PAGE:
TEA JOURNEY [15] | White Tea

Jun 20, 2023

You may have heard of "peach infused white tea" or have some assumption that since black tea is darker than green tea and has a stronger(?) flavor, white must be the opposite. 

Ok, tea infused with peach flavors is great anyhow.

And, your assumptions is somewhat correct! White tea indicates the color of the tea and white tea does pair beautifully with stone fruits like peaches because it also has a subtle flavor profile with sweet, floral notes.  

1. Characteristics of White Tea

White tea, known for its white fuzz (bai hao 白毫), delicate color, flavor, and aroma, has been renowned since ancient times. However, even within its country of origin, China, there has been ongoing debate about the precise definition and manufacturing methods of white tea.

The origin of white tea can be traced back to the Tang and Song dynasties in China. The historical records stated that the tea is harvested from white leaf tea trees that grew on cliffs. The tree's natural habitat made it hard to cultivate. The manufacturing process was also difficult, which made white tea all the more valuable and scarce.

In 1976, in a village in China's northern Fujian province, a revolutionary method of white tea production was developed, which differed from traditional methods. This innovative approach involved carefully drying the young leaves harvested in early spring under the sunlight and then heating them to reduce the remaining moisture.

Initially, any leaves from tea trees processed in the designated manner in the region were considered white tea. However, around 1885, only the young tea leaves and buds from the Da Bai cultivar, primarily used for green tea production, were classified as genuine white tea.

The production volume of white tea has steadily increased over time. In 2013, it showed a significant jump, reaching 11,000 tons, which was a 19.8% increase compared to the previous year.

This growth can be attributed to the popularity of the saying about white tea around 2010 that went "After one year it's a tea, after three years it's a medicine, and  after ten years it's treasure." This spiked sales in Beijing then.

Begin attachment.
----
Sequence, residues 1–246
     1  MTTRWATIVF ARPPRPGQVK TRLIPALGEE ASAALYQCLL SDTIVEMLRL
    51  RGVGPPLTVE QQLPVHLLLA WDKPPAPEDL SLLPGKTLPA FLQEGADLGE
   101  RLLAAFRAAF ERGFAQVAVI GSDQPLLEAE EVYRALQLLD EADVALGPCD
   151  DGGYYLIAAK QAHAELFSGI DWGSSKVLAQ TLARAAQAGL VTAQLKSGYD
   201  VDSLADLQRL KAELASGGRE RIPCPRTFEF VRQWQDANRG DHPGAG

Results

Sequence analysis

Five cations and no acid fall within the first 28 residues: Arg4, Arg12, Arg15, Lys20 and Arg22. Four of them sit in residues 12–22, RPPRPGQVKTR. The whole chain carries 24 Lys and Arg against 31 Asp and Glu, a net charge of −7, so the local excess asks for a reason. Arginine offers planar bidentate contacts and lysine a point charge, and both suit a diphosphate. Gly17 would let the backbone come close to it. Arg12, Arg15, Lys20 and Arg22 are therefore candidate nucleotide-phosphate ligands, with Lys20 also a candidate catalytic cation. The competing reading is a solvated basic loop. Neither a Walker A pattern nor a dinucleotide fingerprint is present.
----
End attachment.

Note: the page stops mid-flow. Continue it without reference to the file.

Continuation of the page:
Of course, on top of this health craze, white tea's compressed disk form also contributed to making it easy to store and a great gift -- similar to Pu-erh tea.

White tea is known for its cooling nature, making it particularly enjoyable to drink during the summer. (Peaches also grow in summer -- see the connection?)

Some famous varieties of white tea in China include Bai Hao Yin Zhen (白毫銀針 Silver Needle), Bai Mu Dan (白牡丹 White Peony), Gong Mei (貢眉白茶), and Shou Mei (壽眉).

2. Traditional Process of White Tea Production

1) Plucking

For the highest quality Bai Hao Yin Zhen, only the unopened buds of the tea plant, which appear in early spring, are carefully plucked without any damage from wounds or pests. Depending on the plucking method, the tea can be classified as Bai Cha (white tea) or Bai Ye Cha (white leaf tea). Bai Cha involves plucking both buds and leaves and extracting the "ya" (芽 sprouts). The remaining tea leaves are used to produce Gong Mei. Due to the challenging nature of harvesting, the yield of white tea is very low. Approximately 4,500 tea leaves are needed to produce around 500 grams of tea per day.

Bai Hao Yin Zhen represents the pinnacle of Bai Cha, while Bai Mu Dan, Gong Mei, and Shou Mei represent the notable varieties of Bai Ye Cha.

Among them, Gong Mei is considered superior in terms of quality. Bai Hao Yin Zhen has a list of ten things to avoid during plucking, known as the "10 Buo Cai 十不採," which includes the following:

  1. Plucking on rainy days: Due to high moisture content (humidity)